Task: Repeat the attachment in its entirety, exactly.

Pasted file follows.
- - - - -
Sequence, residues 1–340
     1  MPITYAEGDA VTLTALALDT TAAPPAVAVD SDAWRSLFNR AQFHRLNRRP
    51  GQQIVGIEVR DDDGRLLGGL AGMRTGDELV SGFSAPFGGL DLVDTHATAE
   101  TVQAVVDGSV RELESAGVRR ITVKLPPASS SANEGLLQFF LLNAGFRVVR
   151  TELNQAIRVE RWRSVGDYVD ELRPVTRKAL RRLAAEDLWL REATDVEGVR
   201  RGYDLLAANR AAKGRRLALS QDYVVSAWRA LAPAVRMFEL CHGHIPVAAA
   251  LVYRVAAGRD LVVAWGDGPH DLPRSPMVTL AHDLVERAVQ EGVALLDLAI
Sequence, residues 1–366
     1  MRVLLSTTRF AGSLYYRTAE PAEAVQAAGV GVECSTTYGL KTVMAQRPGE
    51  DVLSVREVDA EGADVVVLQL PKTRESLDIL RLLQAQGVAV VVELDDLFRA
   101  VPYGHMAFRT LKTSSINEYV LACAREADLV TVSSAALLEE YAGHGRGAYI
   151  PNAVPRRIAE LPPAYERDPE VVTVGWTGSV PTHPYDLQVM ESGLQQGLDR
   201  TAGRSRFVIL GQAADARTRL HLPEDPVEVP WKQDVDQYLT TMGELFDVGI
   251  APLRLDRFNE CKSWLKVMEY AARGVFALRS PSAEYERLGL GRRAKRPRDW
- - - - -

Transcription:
Sequence, residues 1–340
     1  MPITYAEGDA VTLTALALDT TAAPPAVAVD SDAWRSLFNR AQFHRLNRRP
    51  GQQIVGIEVR DDDGRLLGGL AGMRTGDELV SGFSAPFGGL DLVDTHATAE
   101  TVQAVVDGSV RELESAGVRR ITVKLPPASS SANEGLLQFF LLNAGFRVVR
   151  TELNQAIRVE RWRSVGDYVD ELRPVTRKAL RRLAAEDLWL REATDVEGVR
   201  RGYDLLAANR AAKGRRLALS QDYVVSAWRA LAPAVRMFEL CHGHIPVAAA
   251  LVYRVAAGRD LVVAWGDGPH DLPRSPMVTL AHDLVERAVQ EGVALLDLAI
Sequence, residues 1–366
     1  MRVLLSTTRF AGSLYYRTAE PAEAVQAAGV GVECSTTYGL KTVMAQRPGE
    51  DVLSVREVDA EGADVVVLQL PKTRESLDIL RLLQAQGVAV VVELDDLFRA
   101  VPYGHMAFRT LKTSSINEYV LACAREADLV TVSSAALLEE YAGHGRGAYI
   151  PNAVPRRIAE LPPAYERDPE VVTVGWTGSV PTHPYDLQVM ESGLQQGLDR
   201  TAGRSRFVIL GQAADARTRL HLPEDPVEVP WKQDVDQYLT TMGELFDVGI
   251  APLRLDRFNE CKSWLKVMEY AARGVFALRS PSAEYERLGL GRRAKRPRDW